TINY TORTILLA

Young Juan Carlos has been weeding his garden all morning, but when he gets to the town plaza to buy his lunch from the tortilla woman, she’s all sold out. However, she has a tiny bit of masa left, so she teaches Juan Carlos how to pat the dough, “Palma-palma-palmadita.” When you think it’s ready, she says, give it three more pats. Juan Carlos goes off to do so, and discovers the masa is more than it seems. It turns into a floppy sombrero to cover him while he naps, a boat to carry him through the arroyo when it rains and a huge feather to carry him on the wind. Each time, he has to re-make the tortilla, until finally it becomes hot (like the sun), fresh (like the rain) and soft and airy (like the wind). Williams’s charming text teaches the importance of imagination and perseverance (and following cooking instructions), and Karas’s sunny spreads are as warm, fresh, airy and magical as the tortilla. (Picture book. 4-8)

Pub Date: Aug. 1, 2005

ISBN: 0-525-47382-3

Page Count: 32

Publisher: Dutton

Review Posted Online: May 20, 2010

Kirkus Reviews Issue: July 1, 2005

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A sweet, soft conversation starter and a charming gift.

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BECAUSE I HAD A TEACHER

A paean to teachers and their surrogates everywhere.

This gentle ode to a teacher’s skill at inspiring, encouraging, and being a role model is spoken, presumably, from a child’s viewpoint. However, the voice could equally be that of an adult, because who can’t look back upon teachers or other early mentors who gave of themselves and offered their pupils so much? Indeed, some of the self-aware, self-assured expressions herein seem perhaps more realistic as uttered from one who’s already grown. Alternatively, readers won’t fail to note that this small book, illustrated with gentle soy-ink drawings and featuring an adult-child bear duo engaged in various sedentary and lively pursuits, could just as easily be about human parent- (or grandparent-) child pairs: some of the softly colored illustrations depict scenarios that are more likely to occur within a home and/or other family-oriented setting. Makes sense: aren’t parents and other close family members children’s first teachers? This duality suggests that the book might be best shared one-on-one between a nostalgic adult and a child who’s developed some self-confidence, having learned a thing or two from a parent, grandparent, older relative, or classroom instructor.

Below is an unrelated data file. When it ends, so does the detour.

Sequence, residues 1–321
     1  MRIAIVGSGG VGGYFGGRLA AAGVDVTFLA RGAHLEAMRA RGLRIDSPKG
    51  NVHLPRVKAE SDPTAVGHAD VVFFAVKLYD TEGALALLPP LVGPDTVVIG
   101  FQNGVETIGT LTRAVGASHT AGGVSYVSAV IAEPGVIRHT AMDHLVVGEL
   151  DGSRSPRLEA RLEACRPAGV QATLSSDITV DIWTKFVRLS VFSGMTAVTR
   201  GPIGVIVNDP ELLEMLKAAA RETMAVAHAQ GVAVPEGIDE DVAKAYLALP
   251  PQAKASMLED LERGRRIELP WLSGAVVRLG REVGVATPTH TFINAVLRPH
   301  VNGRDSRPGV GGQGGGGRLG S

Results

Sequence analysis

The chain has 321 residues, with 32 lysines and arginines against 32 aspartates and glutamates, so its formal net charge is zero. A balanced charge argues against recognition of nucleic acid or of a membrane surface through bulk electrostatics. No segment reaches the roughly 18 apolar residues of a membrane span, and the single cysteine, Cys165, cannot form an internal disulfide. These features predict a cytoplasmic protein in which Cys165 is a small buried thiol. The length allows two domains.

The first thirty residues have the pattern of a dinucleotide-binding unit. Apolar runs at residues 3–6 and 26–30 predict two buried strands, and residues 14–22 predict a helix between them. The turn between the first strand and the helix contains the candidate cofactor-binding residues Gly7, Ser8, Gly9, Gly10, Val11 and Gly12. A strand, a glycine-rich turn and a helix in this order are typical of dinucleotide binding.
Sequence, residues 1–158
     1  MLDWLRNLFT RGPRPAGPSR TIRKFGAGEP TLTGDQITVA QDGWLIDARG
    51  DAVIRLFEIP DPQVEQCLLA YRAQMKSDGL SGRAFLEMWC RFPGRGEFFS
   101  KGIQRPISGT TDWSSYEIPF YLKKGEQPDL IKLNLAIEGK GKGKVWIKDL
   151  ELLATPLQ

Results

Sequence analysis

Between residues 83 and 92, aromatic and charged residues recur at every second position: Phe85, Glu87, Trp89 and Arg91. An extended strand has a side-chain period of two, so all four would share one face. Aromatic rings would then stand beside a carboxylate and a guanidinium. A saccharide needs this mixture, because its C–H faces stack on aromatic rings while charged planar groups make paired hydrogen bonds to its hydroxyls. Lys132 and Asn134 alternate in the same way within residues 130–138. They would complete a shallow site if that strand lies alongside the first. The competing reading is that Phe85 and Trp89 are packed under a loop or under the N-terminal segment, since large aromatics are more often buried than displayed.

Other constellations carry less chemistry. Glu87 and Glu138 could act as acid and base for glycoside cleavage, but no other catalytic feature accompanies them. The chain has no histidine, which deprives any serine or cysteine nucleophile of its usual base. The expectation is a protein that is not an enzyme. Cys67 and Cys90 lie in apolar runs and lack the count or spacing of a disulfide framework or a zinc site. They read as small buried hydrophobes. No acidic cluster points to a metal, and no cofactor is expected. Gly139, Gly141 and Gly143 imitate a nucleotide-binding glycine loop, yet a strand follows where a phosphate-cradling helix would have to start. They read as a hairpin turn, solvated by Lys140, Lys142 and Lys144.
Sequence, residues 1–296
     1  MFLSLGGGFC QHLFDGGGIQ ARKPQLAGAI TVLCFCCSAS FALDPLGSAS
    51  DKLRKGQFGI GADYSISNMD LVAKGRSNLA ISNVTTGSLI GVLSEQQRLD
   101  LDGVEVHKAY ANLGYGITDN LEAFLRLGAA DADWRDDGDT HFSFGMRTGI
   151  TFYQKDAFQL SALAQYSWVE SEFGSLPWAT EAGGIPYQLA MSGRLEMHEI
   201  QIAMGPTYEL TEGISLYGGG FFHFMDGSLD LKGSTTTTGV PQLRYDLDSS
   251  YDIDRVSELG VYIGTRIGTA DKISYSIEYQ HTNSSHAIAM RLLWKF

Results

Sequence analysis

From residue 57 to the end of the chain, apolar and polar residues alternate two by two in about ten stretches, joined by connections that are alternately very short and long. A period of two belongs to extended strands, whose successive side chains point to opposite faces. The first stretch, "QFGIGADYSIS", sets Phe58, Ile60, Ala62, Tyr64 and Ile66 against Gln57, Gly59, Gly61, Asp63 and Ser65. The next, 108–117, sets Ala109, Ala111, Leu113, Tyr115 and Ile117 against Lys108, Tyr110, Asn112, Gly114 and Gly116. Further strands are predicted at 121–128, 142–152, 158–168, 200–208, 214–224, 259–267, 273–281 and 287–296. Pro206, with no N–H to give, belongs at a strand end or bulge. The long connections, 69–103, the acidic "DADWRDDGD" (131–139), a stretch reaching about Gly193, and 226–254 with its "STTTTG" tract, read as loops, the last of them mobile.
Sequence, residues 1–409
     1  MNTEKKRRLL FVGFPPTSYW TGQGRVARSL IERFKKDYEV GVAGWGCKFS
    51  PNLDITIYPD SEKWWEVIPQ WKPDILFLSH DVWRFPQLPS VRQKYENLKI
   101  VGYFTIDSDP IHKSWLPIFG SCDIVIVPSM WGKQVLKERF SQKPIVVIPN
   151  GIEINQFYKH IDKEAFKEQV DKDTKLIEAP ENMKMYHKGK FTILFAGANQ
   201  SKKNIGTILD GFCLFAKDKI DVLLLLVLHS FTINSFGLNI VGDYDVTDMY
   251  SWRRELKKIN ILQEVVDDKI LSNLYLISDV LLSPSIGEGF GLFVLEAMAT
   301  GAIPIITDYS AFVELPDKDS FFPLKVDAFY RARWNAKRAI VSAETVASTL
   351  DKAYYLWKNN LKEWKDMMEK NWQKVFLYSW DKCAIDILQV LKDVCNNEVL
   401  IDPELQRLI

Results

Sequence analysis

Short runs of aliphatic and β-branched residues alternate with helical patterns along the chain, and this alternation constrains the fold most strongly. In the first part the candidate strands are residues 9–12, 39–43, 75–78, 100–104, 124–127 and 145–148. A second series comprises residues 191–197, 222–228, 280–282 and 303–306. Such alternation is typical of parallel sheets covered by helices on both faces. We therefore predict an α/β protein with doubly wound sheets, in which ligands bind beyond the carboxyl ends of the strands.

A sweet, soft conversation starter and a charming gift. (Picture book. 4-7)

Pub Date: March 1, 2017

ISBN: 978-1-943200-08-5

Page Count: 32

Publisher: Compendium

Review Posted Online: Dec. 14, 2016

Kirkus Reviews Issue: Jan. 1, 2017

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A DOG NAMED SAM

A book that will make young dog-owners smile in recognition and confirm dogless readers' worst suspicions about the mayhem caused by pets, even winsome ones. Sam, who bears passing resemblance to an affable golden retriever, is praised for fetching the family newspaper, and goes on to fetch every other newspaper on the block. In the next story, only the children love Sam's swimming; he is yelled at by lifeguards and fishermen alike when he splashes through every watering hole he can find. Finally, there is woe to the entire family when Sam is bored and lonely for one long night. Boland has an essential message, captured in both both story and illustrations of this Easy-to-Read: Kids and dogs belong together, especially when it's a fun-loving canine like Sam. An appealing tale. (Picture book. 4-8)

Pub Date: April 1, 1996

ISBN: 0-8037-1530-7

Page Count: 40

Publisher: Dial Books

Review Posted Online: May 20, 2010

Kirkus Reviews Issue: Feb. 1, 1996

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